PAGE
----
How to Teach Your Dog to Use a Scratchboard
You’ve built a size-appropriate nail scratchboard, and now it’s time to teach your dog how to drag her front nails across it. You’ll need a clicker, lots of yummy treats (about the size of a pea), scratchboard and a room with a door.
Room With a Door
During the beginning stages, choose a small room with a door for dog training sessions. Before starting a dog training session, click and treat your dog for walking into the room and close the door behind you. By closing the door, you’re keeping your dog with you while minimizing distractions (e.g. movement around the house). Usually, I use our bathroom so my dogs associate it with fun instead of bath time. 🙂
This is not the torture room. This closed room means choice and fun, as your dog can decide to not participate. Remember, choice is a powerful reinforcer–sometimes even more so than food!
Placement of Scratchboard
After a few trials and errors, I discovered maximum nail filing when placing the scratchboard at a 45-degree angle to the ground. At this angle, your dog files the bottom portion first and then the middle and top of nail, forming a nice rounded and smooth nail. When keeping the scratchboard flat on the ground, I noticed a blunter bottom portion instead of a rounded nail tip, which seemed to grow out faster.
First Training Sessions
Goal: Positively introduce your dog to scratchboard.
Gather needed supplies, bring your dog into your chosen room, close the door and have a seat on the floor. Place treats on the seat of a chair before beginning each session. Basically, treats are kept up high so you can easily reach while keeping your dog from self snacking. Next to your treats, place the scratchboard. Placing the board on the floor means “let’s scratch at the board” to your dog. Plus you don’t want to miss any nail drags.
- Place bottom of board on floor and leave top against your leg. The front should be facing your dog.
- When your dog looks at, walks toward or touches her front paw on the board, click and toss her a treat.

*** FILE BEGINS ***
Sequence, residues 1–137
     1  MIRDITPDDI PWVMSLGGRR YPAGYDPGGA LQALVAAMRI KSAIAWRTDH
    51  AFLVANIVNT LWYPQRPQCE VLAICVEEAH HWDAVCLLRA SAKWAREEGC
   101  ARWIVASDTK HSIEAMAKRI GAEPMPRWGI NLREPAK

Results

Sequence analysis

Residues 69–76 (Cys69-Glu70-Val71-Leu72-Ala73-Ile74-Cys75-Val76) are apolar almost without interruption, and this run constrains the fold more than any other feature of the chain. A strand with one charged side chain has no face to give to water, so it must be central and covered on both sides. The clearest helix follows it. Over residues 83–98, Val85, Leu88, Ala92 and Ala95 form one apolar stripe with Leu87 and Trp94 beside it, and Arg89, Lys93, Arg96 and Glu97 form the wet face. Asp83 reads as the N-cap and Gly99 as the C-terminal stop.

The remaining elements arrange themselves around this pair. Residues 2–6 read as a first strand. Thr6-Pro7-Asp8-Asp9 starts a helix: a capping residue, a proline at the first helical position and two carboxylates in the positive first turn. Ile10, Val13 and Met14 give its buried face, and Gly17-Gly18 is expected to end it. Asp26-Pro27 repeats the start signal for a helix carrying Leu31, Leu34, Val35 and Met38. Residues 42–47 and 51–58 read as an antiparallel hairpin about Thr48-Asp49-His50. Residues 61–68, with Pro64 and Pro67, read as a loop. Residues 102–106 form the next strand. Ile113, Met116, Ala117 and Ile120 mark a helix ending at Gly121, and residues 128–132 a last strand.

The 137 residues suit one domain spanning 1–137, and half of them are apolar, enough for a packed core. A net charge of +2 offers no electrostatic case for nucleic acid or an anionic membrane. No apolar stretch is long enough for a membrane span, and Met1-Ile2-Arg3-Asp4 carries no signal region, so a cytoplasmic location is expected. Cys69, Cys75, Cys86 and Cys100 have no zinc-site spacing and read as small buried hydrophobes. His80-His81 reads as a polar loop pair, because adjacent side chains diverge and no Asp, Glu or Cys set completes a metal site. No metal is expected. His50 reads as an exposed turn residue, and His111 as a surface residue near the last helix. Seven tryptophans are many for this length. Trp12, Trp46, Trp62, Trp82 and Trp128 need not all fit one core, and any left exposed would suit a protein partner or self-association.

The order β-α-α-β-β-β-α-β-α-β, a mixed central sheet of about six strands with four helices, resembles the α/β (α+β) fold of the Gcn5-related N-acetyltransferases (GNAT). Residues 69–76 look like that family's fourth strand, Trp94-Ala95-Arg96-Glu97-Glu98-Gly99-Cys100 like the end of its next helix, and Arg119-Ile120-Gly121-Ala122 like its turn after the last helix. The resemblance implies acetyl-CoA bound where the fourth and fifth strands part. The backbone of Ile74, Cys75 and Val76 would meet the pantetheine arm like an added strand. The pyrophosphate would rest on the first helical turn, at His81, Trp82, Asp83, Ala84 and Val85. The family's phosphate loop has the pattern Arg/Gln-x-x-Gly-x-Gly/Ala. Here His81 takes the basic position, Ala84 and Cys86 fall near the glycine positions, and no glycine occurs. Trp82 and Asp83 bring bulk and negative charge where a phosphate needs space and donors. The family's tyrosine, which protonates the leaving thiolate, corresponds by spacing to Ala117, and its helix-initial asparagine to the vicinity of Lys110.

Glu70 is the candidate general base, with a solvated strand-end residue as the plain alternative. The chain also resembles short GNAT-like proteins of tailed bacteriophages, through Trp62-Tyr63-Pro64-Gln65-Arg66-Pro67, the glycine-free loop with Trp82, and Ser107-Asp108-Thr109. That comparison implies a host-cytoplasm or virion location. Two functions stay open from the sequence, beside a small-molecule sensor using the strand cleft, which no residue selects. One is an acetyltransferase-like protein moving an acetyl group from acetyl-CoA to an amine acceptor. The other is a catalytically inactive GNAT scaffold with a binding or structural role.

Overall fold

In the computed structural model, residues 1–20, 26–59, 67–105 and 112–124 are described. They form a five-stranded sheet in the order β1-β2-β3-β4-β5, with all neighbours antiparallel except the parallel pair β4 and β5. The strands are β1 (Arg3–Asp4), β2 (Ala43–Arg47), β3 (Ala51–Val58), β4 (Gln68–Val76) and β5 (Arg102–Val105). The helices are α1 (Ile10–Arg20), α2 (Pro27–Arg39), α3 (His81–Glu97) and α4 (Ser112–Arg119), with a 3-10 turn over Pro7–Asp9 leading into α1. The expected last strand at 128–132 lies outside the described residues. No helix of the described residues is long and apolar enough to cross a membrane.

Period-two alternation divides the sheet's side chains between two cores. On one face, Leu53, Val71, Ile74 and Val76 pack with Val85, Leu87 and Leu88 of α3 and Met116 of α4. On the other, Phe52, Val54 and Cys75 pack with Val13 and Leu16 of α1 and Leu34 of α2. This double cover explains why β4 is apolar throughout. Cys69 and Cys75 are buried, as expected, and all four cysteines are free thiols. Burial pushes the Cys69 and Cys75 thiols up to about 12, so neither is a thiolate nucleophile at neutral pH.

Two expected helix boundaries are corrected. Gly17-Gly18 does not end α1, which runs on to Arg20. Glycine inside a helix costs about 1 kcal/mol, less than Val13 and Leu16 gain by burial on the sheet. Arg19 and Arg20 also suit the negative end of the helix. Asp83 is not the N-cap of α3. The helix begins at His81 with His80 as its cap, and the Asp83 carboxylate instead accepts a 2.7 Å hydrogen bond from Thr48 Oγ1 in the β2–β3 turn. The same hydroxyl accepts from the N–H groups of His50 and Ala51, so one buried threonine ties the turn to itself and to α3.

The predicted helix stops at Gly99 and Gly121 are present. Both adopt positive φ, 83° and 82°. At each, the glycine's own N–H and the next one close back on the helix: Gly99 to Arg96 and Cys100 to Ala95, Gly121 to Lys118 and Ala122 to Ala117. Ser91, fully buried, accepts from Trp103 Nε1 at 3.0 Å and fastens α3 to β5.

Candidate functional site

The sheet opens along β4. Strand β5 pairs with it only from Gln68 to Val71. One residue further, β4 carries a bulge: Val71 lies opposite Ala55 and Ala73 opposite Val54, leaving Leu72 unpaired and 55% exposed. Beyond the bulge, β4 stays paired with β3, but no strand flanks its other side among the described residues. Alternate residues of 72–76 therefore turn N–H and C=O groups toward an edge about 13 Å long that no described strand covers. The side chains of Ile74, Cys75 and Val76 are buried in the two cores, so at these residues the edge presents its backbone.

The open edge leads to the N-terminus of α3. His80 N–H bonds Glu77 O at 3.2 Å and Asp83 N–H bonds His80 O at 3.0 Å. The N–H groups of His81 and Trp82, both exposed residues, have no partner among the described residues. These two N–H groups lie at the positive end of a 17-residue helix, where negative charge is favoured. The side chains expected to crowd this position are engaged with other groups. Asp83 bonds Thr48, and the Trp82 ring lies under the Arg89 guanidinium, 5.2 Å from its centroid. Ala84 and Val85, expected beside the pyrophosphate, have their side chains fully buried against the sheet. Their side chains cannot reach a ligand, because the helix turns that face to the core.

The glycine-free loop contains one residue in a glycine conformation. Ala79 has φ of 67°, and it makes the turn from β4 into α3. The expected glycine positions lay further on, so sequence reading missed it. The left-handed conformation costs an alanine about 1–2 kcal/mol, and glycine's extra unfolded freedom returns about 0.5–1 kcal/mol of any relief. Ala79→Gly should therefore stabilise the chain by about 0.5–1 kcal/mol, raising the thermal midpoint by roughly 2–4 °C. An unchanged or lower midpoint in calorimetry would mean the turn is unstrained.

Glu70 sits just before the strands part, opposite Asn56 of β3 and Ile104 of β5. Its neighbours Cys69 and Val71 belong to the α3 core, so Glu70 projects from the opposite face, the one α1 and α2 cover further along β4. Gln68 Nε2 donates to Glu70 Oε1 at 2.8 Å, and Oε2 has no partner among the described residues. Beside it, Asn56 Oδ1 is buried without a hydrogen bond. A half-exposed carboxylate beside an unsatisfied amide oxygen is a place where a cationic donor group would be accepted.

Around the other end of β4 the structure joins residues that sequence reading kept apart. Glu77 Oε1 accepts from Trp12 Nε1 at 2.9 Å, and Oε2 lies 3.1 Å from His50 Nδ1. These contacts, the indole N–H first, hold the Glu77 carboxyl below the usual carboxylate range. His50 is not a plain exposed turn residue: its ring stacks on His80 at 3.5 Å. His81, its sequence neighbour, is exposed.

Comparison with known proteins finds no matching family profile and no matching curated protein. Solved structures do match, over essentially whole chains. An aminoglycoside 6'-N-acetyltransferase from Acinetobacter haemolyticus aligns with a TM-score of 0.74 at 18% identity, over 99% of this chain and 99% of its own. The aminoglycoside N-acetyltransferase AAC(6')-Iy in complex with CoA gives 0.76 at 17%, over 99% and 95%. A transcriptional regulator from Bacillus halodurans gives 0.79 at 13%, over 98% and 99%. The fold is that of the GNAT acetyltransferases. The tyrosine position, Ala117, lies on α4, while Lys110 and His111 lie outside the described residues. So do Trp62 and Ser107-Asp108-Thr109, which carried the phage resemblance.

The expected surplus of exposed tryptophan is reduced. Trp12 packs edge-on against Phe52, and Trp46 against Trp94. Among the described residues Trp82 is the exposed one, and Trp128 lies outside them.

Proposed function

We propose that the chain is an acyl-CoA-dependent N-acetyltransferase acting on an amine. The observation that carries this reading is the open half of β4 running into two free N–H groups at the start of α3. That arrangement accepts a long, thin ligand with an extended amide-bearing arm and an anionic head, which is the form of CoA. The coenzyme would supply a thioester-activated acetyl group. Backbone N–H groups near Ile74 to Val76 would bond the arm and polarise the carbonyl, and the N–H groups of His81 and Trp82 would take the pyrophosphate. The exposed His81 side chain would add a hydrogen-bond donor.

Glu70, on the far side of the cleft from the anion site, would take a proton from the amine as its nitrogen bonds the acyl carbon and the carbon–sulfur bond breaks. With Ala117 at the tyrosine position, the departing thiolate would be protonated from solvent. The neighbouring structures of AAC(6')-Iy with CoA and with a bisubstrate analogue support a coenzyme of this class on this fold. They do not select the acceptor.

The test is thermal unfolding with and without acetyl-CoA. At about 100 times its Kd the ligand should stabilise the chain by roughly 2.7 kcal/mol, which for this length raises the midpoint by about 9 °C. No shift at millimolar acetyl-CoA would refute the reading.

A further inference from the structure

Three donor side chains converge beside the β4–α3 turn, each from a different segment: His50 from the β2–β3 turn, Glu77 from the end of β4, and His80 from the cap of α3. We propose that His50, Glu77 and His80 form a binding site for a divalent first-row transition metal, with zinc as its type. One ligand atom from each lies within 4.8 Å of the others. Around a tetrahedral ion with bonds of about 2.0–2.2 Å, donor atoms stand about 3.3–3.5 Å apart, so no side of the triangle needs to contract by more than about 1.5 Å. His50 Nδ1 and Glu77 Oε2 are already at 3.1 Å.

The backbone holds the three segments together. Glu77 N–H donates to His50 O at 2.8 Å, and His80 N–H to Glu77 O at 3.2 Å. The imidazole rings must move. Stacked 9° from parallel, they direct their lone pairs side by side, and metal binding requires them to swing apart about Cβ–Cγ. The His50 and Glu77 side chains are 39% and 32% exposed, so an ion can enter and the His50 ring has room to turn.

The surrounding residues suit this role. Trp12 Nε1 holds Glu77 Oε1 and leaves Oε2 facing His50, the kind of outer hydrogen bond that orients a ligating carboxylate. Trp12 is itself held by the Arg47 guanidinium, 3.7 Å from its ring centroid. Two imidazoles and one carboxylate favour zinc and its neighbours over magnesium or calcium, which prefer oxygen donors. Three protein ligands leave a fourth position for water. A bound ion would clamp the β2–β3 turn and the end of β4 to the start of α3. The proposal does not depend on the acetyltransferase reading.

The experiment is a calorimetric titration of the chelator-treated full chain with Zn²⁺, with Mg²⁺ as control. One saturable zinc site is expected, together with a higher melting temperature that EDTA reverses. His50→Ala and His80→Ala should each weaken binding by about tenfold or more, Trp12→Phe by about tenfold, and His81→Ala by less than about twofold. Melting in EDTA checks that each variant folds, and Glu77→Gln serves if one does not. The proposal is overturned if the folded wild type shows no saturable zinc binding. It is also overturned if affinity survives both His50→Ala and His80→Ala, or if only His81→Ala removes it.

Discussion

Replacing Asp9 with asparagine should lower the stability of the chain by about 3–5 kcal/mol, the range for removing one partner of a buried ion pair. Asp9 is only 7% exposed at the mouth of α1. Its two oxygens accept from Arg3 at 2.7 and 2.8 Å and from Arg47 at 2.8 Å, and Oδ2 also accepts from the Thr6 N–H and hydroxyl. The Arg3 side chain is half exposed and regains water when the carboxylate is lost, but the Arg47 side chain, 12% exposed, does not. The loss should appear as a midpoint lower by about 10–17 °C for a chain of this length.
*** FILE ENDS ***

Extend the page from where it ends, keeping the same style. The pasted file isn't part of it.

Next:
- Usually, looking at and walking toward the board happens during your first training session. Your dog is learning that the board means something so she’s going to investigate, which you will heavily reward.
- Practice 5-10 times and end training session.
Paw on Board
Goal: Teach dog to touch paw to board.
- Settle in chosen room, and set up treats and scratchboard.
- Place board on ground with top portion leaning against your legs. Get ready. When the board is in place, this gives your dog the green light to start offering paw movements.
- Click and treat paw touches (either paw or both) even if for a nanosecond.
- After 5-10 treats, end training session.
If Dog Walks Away During Training Session
This can happen. Think of it as a temperature check of your training session. If your dog walks away, there are a few things going on:
- Your dog is confused. She’s not sure what you’re asking her. Take a step back and click/treat for looking, walking toward and touching the scratchboard. Your dog should think: “When I touch this board with my paw, I hear a click and get a treat.”
- Your treats are boring. Hey, your dog chooses what she works for just like us. So find treats your dog loves and use in next training session.
- Too many distractions: Turn down the TV, close blinds or play soft music to drown out loud sounds.
- Up your rate of reinforcement: Ideally, you should be clicking and treating every 5-10 seconds. I know your dog is offering behaviors in that short time. If you’re not noticing these behaviors, you’ll be shocked at what you missed. 🙂